There was another boy there, who, I could tell without hardly looking, was Dragonfly, on account of he is spindle-legged and has large eyes like a dragonfly's eyes are. Dragonfly had on a brand new cap with ear-muffs on it. As you maybe know, Dragonfly was always getting the gang into trouble, on account of he always was doing such crazy things without thinking. He also was allergic to nearly everything and was always sneezing at the wrong time, just when we were supposed to be quiet. Also, he was about the only one in the gang whose mother was superstitious,—such as thinking it is bad luck if a black cat crosses the road in front of you, or good luck if you find a horseshoe and hang it above one of the doors in your house. Just as Poetry had the latch of the wide gate lifted, I saw Dragonfly make a quick move, step with one foot on the iron pipe at the bottom of the gate's frame and give the gate a shove, and jump on with the other foot and ride on the gate while it was swinging open, which was something Pop wouldn't letmedo, and which any boy shouldn't do, on account of if he keeps on doing it, it will make the gate sag, and maybe drag on the ground.... Well, for a jiffy I forgot there was a window between me and the out-of-doors, and also that my mom was beside me, and also that my baby sister, Charlotte Ann, was asleep in Mom's bedroom in her baby bed, and without thinking I yelled real loud, "Hey, Dragonfly, you crazy goof! Don't DO that!" Right away I remembered Charlotte Ann was in the other room, on account of mom told me and also on account of Charlotte Ann woke up and made the kind of a noise a baby always makes when she wakes up and doesn't want to. Just that second, the gate Dragonfly was on was as wide open as it could go, and Dragonfly who didn't have a very good hold with his hands—and the gate being icy anyway—slipped off and went sprawling head over heels into a snowdrift in our yard.... It was a funny sight, but not very funny 'cause I heard my pop's great big voice calling from our barn, yelling something that sounded like he sounds when somebody has done something he shouldn't and is supposed to quit quick, or I'd be sorry. I made a dive for our back door, swung it open, and with one of my Mom's good plates still in my hands, and without my hat on, I rushed out on our back board walk and yelled to Poetry and Dragonfly, and said, "I'll be there in about an hour! I've got to finish tomorrow's dishes first! Better go on down the hill and tell the gang I'll be there in maybe an hour or two," which is what is called sarcasm. And Poetry yelled, "We'll come and help you!" [Pg 10]But it wasn't a good idea, 'cause the kitchen door was still open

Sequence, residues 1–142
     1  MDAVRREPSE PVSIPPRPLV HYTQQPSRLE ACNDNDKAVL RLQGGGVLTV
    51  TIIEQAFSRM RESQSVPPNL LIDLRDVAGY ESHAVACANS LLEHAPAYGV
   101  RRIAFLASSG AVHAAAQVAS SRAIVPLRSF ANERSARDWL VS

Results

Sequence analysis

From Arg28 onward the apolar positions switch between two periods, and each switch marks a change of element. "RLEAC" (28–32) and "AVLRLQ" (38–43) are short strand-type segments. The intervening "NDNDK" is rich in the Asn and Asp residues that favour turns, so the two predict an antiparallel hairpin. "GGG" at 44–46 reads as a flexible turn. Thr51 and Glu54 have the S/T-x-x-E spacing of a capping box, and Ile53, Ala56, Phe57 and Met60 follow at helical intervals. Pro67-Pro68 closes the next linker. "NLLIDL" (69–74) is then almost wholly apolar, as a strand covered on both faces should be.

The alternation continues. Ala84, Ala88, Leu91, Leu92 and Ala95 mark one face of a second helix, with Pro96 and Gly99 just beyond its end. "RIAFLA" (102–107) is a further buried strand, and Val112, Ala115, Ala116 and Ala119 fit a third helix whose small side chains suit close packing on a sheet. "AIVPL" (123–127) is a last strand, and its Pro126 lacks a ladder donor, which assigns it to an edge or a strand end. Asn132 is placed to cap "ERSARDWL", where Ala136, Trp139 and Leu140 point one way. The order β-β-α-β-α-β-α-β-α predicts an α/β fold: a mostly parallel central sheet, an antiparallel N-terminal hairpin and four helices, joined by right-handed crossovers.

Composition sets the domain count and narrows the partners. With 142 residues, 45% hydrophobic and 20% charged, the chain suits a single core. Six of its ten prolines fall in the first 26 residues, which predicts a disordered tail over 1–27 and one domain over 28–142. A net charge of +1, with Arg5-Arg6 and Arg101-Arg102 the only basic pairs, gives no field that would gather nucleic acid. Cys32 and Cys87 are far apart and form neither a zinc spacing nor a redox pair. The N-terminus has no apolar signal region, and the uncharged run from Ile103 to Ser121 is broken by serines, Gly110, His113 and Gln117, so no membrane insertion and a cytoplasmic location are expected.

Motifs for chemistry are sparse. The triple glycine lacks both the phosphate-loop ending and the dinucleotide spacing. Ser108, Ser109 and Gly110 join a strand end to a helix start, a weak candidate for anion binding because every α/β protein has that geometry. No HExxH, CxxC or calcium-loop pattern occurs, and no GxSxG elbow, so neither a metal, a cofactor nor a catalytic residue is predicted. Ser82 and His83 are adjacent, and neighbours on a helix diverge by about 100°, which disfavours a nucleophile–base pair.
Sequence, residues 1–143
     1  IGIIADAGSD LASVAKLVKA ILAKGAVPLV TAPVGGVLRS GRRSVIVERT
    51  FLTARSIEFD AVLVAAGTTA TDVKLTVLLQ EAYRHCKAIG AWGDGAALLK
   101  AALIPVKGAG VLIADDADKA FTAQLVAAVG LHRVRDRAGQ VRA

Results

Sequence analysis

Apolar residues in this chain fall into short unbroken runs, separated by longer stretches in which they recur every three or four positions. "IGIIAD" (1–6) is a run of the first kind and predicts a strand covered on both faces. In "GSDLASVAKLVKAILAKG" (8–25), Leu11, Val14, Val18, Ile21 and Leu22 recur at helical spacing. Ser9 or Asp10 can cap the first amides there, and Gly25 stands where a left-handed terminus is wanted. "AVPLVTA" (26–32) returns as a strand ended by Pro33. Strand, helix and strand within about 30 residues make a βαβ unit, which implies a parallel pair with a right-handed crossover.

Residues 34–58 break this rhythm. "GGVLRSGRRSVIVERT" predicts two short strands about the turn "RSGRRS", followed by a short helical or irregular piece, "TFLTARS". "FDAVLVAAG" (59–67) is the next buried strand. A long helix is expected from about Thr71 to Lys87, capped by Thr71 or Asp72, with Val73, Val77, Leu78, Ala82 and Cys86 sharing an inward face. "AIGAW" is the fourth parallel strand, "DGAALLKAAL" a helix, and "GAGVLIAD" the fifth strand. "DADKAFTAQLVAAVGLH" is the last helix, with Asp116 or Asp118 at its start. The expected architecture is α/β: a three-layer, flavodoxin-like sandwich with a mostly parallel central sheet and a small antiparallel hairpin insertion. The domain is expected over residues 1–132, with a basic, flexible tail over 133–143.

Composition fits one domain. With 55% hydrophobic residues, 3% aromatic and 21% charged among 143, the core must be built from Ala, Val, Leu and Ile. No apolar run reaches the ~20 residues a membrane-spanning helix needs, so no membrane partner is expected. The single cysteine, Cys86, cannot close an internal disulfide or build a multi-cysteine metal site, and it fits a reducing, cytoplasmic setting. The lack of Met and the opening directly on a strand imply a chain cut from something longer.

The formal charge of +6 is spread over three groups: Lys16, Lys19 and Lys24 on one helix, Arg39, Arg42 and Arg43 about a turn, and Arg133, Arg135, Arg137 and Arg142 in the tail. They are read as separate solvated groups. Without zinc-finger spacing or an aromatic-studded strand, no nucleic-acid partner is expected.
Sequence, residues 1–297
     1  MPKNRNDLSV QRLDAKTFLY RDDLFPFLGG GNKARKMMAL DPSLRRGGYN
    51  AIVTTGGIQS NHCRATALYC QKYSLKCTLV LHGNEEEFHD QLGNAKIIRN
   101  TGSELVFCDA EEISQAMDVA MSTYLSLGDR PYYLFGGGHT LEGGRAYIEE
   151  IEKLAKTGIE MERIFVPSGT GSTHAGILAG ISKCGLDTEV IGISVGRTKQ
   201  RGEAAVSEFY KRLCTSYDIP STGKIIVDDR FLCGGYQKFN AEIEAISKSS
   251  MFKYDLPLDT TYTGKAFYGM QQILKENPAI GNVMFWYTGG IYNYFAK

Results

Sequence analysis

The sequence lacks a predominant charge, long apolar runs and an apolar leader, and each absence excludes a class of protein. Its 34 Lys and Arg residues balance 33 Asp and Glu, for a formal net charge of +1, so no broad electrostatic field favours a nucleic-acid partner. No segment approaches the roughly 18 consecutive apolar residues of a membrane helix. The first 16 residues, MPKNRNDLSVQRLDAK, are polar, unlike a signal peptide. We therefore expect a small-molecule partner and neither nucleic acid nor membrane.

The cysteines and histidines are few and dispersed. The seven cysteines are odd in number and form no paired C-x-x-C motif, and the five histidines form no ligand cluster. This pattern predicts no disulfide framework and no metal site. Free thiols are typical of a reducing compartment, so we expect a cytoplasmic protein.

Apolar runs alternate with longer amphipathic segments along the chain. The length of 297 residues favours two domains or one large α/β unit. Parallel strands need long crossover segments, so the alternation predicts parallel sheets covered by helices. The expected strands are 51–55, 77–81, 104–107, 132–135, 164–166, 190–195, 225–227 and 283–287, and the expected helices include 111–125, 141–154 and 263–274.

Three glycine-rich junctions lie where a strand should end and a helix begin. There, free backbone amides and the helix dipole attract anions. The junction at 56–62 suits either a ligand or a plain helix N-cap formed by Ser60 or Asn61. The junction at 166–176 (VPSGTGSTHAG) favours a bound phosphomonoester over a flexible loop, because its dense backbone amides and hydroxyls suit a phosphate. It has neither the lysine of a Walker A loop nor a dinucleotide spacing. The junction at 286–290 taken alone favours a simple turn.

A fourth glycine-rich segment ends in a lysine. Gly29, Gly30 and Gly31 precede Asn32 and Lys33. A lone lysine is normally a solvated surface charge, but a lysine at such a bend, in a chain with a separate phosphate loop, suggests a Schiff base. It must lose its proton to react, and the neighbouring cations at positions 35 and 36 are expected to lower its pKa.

and Mom heard me and also heard Poetry and said to me, "Bill Collins, come back in here.... The very idea! I can't have those boys coming in with all that snow. I've just scrubbed the floor!" which is why they didn't come in, and also why barrel-shaped Poetry and spindle-legged Dragonfly started building a snow man right in our front yard, while they waited for me and Mom to finish playingAlice in Wonderland. Pretty soon I was done, though, and grabbed my coat from its hook in the corner of the kitchen, pulled my hat on my red head, with the ear-muffs tucked inside, on account of it wasn't a very cold day, but was warm enough for the snow to pack good and for making snow balls and snow men and everything. I put on my boots at the door, said "Good-bye" to Mom and went swishing out through the snow to Poetry and Dragonfly. I could already hear the rest of the gang yelling down on Bumblebee hill, so I grabbed my sled rope which was right beside our back door, and the three of us went as fast as we could through our gate. My pop was there, looking at the gate to see if Dragonfly had been too heavy for it, and just as we left, he said, "Never ride on a gate, boys, if you want to live long." His voice was kinda fierce, like it sometimes is, and he was looking at Dragonfly; then he looked at me and winked, and I knew he wasn't mad but still didn't want any boy to be dumb enough to ride on our gate again. "Yes sir, Mr. Collins," Dragonfly said politely, and grabbed his sled rope and started on the run across the road to a place in the rail fence where I always climbed through on my way to the woods. "Wait a minute!" Pop said, and we waited. His big bushy eyebrows were straight across, so I knew he liked us all right. "What?" I said, and he said, "You boys know, of course, that your new teacher, Mr. Black, is going to keep on teaching the Sugar Creek School—that the board can't ask him to resign just because the boys in the school liked their other teacher better, nor because he has had to punish several of them with old-fashioned beech switches " .... [Pg 11]Imagine my Pop saying such things, just when we had been thinking about having a lot of fun.... "Yes sir," I said to Pop, remembering the beech switches behind the teacher's desk. "Yes sir," Poetry said politely. "Yes sir," Dragonfly yelled to him from the rail fence where he was already half-way through. We all hurried through the fence, and yelling and running and antin , we dra ed our sleds throu h the woods to